Tuesday, June 22, 2010

Going the Extra Meter

My first fighting games were all 3d, and they followed the traditional rules of 3d fighters: no hit-pauses, no crouching blocks against mids, and no super meters. I didn't give supers a second thought-- I figured they were just another move, which meant little considering 3d fighters had easily 10 to 20 times the move set as their 2d brethren.

After a year of analyzing competitive fighting games at a high level, I am now of the opinion that the super meter is the single most ingenious, elegant addition to the genre since character variety.

First of all, super moves not only add to a player's arsenal, but affect all the non-super moves and abilities as well. Let's consider the Ryu vs Blanka matchup in Street Fighter 4:

No-meter Ryu vs. No-meter Blanka
  • Ryu's fireball is SAFE against Blanka outside slide range
  • Ryu's uppercut very UNSAFE against blocking Blanka
  • Blanka's horizontal ball is SAFE against blocking Ryu
Half-meter Ryu vs Half-meter Blanka
  • Ryu's fireball now UNSAFE against charged Blanka (threat of EX-Ball)
  • Ryu's uppercut now SAFE against blocking Blanka (via FADC)
  • Blanka's horizontal ball still SAFE
Full-meter Ryu vs Full-meter Blanka
  • Ryu's fireball still UNSAFE against charged Blanka
  • Ryu's uppercut still SAFE against blocking Blanka
  • Blanka's horizontal ball now UNSAFE to blocking Ryu (punishable with Super)
The addition of the super meter in Street Fighter 4 dynamically changes the relationships of the existing moves, creating an ebb and flow of the match as these meters are built and burned. Compare this to a traditional 3d fighter, in which every move has the same level of safety (i.e. risk) regardless of who has the upper hand in the match, or how long the match has run.

Meter changes the dynamic of the match enough that it presents a new metagame: to be in control of the super meters is to be in control of the match. This presents meaningful choices to be made other than the basic objective of "Deplete the opponent's vitality," presenting far more options to the player in a given situation.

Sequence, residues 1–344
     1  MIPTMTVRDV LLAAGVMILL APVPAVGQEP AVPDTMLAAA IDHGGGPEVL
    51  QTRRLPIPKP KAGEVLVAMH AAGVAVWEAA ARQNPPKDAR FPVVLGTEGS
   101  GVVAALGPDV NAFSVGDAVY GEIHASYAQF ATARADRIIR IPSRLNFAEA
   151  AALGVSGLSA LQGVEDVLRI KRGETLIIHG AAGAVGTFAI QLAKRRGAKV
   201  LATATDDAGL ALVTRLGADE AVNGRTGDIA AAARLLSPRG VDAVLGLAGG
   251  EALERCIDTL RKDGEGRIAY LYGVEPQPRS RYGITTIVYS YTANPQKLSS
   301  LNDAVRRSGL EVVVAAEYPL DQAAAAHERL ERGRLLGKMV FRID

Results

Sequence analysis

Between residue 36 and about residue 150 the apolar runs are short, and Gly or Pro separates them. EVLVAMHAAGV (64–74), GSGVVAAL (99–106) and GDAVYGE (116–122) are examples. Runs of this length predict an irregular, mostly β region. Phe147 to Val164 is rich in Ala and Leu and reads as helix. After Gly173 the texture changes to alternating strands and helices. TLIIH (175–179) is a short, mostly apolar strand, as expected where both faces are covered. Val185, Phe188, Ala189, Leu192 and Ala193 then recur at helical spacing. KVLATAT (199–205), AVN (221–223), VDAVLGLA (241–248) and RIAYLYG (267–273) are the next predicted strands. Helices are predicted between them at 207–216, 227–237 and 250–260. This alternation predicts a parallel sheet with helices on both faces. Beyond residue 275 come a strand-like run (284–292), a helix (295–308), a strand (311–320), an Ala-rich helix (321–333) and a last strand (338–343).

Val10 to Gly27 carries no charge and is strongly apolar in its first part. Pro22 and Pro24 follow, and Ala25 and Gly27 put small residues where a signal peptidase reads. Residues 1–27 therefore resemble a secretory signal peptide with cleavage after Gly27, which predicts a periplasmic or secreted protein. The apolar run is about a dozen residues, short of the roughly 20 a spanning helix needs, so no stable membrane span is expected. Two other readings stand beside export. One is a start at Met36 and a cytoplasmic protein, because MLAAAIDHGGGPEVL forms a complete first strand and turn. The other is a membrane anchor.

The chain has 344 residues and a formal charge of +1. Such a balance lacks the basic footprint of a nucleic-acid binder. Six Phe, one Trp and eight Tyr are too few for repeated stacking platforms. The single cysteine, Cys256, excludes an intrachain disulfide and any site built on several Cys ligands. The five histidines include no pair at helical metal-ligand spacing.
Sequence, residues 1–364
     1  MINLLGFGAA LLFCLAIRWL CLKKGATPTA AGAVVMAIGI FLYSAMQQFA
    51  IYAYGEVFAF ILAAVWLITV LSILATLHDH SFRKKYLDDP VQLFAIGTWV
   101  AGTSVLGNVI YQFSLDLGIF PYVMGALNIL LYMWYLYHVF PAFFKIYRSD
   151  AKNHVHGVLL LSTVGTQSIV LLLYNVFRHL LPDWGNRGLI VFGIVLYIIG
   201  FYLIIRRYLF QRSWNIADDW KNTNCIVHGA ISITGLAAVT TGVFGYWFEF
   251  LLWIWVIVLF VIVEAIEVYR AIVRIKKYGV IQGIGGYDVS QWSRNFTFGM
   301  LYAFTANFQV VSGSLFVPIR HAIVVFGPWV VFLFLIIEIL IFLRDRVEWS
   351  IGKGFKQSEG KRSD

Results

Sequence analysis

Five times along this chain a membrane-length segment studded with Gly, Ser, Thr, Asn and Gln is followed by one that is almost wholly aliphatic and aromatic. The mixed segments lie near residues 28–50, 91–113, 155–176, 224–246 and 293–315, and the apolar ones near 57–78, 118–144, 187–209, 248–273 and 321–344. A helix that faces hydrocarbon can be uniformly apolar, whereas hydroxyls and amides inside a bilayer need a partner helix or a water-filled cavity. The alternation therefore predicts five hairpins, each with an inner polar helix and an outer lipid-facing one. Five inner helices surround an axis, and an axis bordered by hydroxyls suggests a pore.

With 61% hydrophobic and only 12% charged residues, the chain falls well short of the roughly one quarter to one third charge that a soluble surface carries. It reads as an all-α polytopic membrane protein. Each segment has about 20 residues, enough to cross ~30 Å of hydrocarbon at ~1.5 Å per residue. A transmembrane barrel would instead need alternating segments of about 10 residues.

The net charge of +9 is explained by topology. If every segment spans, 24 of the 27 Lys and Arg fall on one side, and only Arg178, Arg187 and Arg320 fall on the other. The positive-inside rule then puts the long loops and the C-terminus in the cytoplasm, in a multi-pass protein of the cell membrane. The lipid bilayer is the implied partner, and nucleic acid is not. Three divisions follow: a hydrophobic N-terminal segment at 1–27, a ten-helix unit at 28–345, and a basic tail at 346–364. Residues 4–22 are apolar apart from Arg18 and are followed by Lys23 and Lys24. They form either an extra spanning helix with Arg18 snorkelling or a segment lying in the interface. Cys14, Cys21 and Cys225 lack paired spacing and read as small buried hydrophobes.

On Offense:
  • Sacrifice combo damage to save meter?
  • Sacrifice offensive pressure to bait meter usage from opponent?
On Defense:
  • Sacrifice ability to block to whiff moves and build meter?
  • Sacrifice meter (i.e. offensive capability) to avoid damage?
  • Use meter to recover from mistakes?
  • Intentionally allow opponent to win a round by using meter in order to have meter advantage the following round?
Through this metagame, super meters create a context around every decision made during the match. Obviously, a player's available options in a given situation are limited by how much meter he has, but the real beauty of this design is that his available options next time he is forced to make a choice are affected by his original decision.

Compare this to a 3d fighting game, where the player has every option available to him at all times. In a 2d fighter, the options available to a player change considering what he had done earlier in the round, and what he plans to do later on. Rather than a string of unrelated puzzles, a fight that involves meter must be thought of as different parts of the same story, complete with the arc of a beginning, middle, and end (translating here to "learn opponent, anticipate opponent, and kill opponent"). Giving "guess" situations this level of context is exactly what makes high level play meaningful.

At the end of the day, modern fighting games really are just fast-paced games of rock/paper/scissors. The role of super meters is to redefine what rock, paper, and scissors all mean within the context of the match, in addition to giving more meaning to the guessing game itself.